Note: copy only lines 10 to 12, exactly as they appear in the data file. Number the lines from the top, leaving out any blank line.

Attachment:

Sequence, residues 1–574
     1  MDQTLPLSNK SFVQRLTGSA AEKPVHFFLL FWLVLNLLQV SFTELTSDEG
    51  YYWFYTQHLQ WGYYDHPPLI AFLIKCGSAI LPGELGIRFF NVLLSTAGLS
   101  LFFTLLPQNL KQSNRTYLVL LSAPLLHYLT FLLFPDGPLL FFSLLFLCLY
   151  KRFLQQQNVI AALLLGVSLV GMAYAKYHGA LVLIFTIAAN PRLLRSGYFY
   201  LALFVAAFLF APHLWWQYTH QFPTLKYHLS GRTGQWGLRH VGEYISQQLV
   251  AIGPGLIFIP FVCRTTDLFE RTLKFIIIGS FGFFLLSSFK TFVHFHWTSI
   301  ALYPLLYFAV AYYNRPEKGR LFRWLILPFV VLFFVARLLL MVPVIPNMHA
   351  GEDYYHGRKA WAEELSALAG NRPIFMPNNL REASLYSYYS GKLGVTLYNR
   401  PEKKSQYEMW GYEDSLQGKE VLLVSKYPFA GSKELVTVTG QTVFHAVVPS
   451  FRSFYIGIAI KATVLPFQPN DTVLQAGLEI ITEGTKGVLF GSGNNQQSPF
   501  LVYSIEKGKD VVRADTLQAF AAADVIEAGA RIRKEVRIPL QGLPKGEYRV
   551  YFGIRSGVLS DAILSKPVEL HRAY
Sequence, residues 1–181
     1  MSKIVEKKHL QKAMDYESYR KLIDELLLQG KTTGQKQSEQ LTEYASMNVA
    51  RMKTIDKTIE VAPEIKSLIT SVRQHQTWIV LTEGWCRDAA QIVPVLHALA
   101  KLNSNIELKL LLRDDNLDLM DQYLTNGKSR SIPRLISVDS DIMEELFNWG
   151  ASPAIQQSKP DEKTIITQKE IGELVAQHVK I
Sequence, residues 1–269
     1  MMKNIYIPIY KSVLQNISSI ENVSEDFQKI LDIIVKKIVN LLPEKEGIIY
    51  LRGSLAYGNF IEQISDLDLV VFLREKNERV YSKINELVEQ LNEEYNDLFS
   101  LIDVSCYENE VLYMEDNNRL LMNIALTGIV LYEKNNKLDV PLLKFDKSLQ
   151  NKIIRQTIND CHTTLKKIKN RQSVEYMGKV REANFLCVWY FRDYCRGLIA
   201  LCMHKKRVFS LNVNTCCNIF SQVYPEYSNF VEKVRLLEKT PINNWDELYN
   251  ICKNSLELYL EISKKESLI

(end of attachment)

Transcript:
   401  PEKKSQYEMW GYEDSLQGKE VLLVSKYPFA GSKELVTVTG QTVFHAVVPS
   451  FRSFYIGIAI KATVLPFQPN DTVLQAGLEI ITEGTKGVLF GSGNNQQSPF
   501  LVYSIEKGKD VVRADTLQAF AAADVIEAGA RIRKEVRIPL QGLPKGEYRV